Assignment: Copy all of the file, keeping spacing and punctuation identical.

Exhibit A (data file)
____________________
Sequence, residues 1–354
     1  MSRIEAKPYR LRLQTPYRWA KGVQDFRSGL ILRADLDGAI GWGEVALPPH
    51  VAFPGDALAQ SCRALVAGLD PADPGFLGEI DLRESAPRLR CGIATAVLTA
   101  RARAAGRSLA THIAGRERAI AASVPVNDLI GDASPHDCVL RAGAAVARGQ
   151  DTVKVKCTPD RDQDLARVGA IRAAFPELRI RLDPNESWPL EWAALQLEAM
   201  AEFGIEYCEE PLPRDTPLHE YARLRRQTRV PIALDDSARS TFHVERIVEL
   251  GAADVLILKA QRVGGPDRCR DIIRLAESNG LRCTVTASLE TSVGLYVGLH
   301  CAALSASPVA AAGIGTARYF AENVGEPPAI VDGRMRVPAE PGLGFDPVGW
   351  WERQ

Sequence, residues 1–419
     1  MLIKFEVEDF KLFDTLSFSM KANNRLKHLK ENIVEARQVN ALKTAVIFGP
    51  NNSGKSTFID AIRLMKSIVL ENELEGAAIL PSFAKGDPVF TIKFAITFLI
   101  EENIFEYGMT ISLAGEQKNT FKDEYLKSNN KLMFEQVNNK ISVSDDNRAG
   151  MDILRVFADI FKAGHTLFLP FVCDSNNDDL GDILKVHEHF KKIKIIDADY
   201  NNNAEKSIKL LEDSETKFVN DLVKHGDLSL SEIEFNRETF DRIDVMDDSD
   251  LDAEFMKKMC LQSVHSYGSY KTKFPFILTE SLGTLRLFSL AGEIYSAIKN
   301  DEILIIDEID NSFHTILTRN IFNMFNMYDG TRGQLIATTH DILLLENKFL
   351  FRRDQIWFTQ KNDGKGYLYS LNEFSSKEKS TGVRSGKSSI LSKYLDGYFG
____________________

Sequence, residues 1–354
     1  MSRIEAKPYR LRLQTPYRWA KGVQDFRSGL ILRADLDGAI GWGEVALPPH
    51  VAFPGDALAQ SCRALVAGLD PADPGFLGEI DLRESAPRLR CGIATAVLTA
   101  RARAAGRSLA THIAGRERAI AASVPVNDLI GDASPHDCVL RAGAAVARGQ
   151  DTVKVKCTPD RDQDLARVGA IRAAFPELRI RLDPNESWPL EWAALQLEAM
   201  AEFGIEYCEE PLPRDTPLHE YARLRRQTRV PIALDDSARS TFHVERIVEL
   251  GAADVLILKA QRVGGPDRCR DIIRLAESNG LRCTVTASLE TSVGLYVGLH
   301  CAALSASPVA AAGIGTARYF AENVGEPPAI VDGRMRVPAE PGLGFDPVGW
   351  WERQ

Sequence, residues 1–419
     1  MLIKFEVEDF KLFDTLSFSM KANNRLKHLK ENIVEARQVN ALKTAVIFGP
    51  NNSGKSTFID AIRLMKSIVL ENELEGAAIL PSFAKGDPVF TIKFAITFLI
   101  EENIFEYGMT ISLAGEQKNT FKDEYLKSNN KLMFEQVNNK ISVSDDNRAG
   151  MDILRVFADI FKAGHTLFLP FVCDSNNDDL GDILKVHEHF KKIKIIDADY
   201  NNNAEKSIKL LEDSETKFVN DLVKHGDLSL SEIEFNRETF DRIDVMDDSD
   251  LDAEFMKKMC LQSVHSYGSY KTKFPFILTE SLGTLRLFSL AGEIYSAIKN
   301  DEILIIDEID NSFHTILTRN IFNMFNMYDG TRGQLIATTH DILLLENKFL
   351  FRRDQIWFTQ KNDGKGYLYS LNEFSSKEKS TGVRSGKSSI LSKYLDGYFG